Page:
If I'd seen this last night, I'd have seen two half-performances broken by a fire alarm evacuation, but I didn't, so I'll let other people talk about that. Instead of the unusual excitement of thinking we're all about to die horribly, we had a high quality Mikado that looks poised to win the "Most Definitive Production" award, which doesn't exist but should. Perhaps I should go into detail about what I mean there in a separate post some time.
As with other professional productions this festival, choral precision is excellent. Fan movements tend to be fairly obvious, and with a large chorus, perfect synchronization is as impressive as it is satisfying. The follow spotting, too, was most pleasant to me... okay, so I have a bit of a thing for spots, but you can't deny the grand effect of darkening the whole stage down to a single spot on Katisha for "The hour of gladness"! The Little List song was changed, of course. Everybody does that; it's expected of you! And as has been this festival's tradition, reference to the shift to Harrogate was included (and then also later on, Nanki-Poo's address was there).
The title role, played by Derek Ryan, was the frequently-seen overbearing type, with a loud and terrifying laugh whenever he contemplates punishing somebody. Cruel, capricious, and possibly as much the cause of his son's departure as the proposal of marriage! Katisha (Jackie Curran-Olohan) takes after her sovereign, with the imposing appearance and general lack of courtesy. I doubt very much that she wants Nanki as particularly as she was quoted as, but simply wants to marry anyone, even just for a minute, rather than die an old maid. And so she should be happy with Ko-Ko (Eugene O'Hagen), who after all did have an execution - of sorts - so his position should be secure again. He has his two remaining wards, Pitti-Sing (Annalies Evans) and Peep-Bo (Dominica Williams), and the three of them can trade barbed wit back and forth at high speed for the rest of their days (which they'll probably count on the Nanki-Poo scale where each day is a year... poor tortured Ko-Ko). The Mikado's Daughter-In-Law-Elected, Yum-Yum (Jean Wallace), has a lovely voice, as one would expect of a company of this nature and a leading role; but it's only one voice, unlike Pooh-Bah (Tony Finnegan), who has a different voice for every salaried job he holds! Most impressive. Pish-Tush (Ciaran Olohan) has one job and one voice, which would be called the normal numbers of these things, but does enough of the plot that we don't even know what his job really is. And Nanki-Poo (Peter O'Rielly) is either a poor musician, or a bad musician, or a bad imitation of a poor musician, or a poor imitation of a bad musician; and I think he wanted some elf-ears, given the way his hair and costume looked. He would have made a fine Legolas. But as it was, he made a fine Nanki-Poo, which is rather better, given the setting.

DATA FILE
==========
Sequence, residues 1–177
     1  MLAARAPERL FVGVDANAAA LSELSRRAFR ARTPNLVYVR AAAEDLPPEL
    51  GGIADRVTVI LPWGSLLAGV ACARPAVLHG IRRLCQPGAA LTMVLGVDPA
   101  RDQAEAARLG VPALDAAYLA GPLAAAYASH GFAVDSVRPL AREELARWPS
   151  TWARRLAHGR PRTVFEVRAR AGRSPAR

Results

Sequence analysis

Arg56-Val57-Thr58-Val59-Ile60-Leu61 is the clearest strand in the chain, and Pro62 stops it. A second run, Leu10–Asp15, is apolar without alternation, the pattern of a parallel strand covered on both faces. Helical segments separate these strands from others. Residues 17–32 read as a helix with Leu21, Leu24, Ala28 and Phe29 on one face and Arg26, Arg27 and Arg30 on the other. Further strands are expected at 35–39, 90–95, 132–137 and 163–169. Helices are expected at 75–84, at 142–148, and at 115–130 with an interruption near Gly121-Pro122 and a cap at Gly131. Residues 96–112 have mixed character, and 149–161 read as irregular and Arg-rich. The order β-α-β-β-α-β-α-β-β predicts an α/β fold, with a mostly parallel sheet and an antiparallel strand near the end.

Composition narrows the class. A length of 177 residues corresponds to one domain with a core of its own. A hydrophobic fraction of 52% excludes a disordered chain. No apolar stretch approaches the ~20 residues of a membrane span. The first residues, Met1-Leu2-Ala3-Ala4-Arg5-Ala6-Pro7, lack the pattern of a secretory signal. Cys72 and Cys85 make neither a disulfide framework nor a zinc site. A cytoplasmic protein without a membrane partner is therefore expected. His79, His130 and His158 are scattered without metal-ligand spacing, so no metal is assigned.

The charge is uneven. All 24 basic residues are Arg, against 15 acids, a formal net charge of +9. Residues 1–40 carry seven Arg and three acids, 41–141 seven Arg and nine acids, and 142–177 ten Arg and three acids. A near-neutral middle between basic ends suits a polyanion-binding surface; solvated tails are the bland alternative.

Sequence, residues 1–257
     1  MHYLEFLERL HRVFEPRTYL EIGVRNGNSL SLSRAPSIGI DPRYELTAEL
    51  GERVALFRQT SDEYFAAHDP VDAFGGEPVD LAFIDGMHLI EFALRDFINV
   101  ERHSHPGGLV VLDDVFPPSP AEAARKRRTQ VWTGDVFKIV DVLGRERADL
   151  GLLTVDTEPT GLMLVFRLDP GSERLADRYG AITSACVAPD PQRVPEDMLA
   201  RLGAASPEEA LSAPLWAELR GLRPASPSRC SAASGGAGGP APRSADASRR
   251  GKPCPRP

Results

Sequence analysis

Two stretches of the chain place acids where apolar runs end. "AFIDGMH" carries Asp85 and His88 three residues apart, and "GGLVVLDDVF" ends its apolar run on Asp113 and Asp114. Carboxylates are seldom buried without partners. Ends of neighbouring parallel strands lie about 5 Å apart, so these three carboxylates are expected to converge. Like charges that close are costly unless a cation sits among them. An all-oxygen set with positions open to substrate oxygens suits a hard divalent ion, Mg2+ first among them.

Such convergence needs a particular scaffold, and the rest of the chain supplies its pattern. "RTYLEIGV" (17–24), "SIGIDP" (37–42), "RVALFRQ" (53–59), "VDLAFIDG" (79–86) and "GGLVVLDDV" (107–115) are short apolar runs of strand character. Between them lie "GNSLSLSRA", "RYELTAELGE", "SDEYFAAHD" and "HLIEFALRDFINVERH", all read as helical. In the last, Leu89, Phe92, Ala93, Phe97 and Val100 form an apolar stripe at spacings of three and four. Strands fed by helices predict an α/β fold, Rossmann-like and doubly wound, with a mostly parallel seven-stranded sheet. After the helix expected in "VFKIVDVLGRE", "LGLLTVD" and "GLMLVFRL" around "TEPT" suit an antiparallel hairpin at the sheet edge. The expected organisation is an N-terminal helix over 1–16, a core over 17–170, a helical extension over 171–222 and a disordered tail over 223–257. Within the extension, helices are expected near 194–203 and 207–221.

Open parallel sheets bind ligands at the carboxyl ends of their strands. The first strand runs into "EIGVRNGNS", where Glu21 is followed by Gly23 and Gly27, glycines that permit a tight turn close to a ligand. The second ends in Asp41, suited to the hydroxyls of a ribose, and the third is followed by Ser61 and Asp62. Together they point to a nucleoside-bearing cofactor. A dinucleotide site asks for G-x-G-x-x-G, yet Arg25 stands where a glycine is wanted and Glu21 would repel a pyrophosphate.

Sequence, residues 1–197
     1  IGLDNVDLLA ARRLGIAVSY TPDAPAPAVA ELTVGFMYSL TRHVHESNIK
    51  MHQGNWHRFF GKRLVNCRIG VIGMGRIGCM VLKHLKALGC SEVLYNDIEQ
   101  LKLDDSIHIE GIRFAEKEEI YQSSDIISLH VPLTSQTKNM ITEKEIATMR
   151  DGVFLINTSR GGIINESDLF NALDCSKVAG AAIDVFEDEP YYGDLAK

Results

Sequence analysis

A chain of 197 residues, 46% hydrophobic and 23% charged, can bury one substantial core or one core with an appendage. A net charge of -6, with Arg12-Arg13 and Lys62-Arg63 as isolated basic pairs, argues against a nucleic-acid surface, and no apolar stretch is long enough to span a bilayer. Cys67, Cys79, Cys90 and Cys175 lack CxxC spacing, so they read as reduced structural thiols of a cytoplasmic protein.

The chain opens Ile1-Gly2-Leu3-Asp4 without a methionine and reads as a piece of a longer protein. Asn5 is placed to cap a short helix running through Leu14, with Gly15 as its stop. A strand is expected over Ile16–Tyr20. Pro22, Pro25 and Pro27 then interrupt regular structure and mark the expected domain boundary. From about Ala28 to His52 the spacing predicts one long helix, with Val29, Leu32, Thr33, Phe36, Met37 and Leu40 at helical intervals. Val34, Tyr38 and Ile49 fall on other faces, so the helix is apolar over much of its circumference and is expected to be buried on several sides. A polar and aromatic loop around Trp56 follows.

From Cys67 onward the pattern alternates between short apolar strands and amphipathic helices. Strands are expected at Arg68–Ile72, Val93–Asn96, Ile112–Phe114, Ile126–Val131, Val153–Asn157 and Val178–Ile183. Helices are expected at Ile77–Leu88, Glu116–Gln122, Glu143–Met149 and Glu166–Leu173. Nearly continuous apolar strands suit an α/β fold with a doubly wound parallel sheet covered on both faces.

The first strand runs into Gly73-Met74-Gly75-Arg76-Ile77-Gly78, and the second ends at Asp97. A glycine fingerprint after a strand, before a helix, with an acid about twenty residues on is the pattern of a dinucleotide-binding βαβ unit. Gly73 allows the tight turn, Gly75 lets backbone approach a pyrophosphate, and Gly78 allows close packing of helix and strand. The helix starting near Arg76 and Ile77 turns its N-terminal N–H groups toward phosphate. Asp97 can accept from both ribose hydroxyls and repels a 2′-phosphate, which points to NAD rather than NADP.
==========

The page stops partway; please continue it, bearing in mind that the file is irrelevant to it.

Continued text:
I've shortened this review somewhat owing to it being 7AM and I have yet to get to bed. But I will say one thing: Eugene O'Hagen (Ko-Ko) improvises brilliantly. The Inner Brotherhood will have recognized that little bit of improvisation; the rest of the audience probably wouldn't even have known. VERY well done.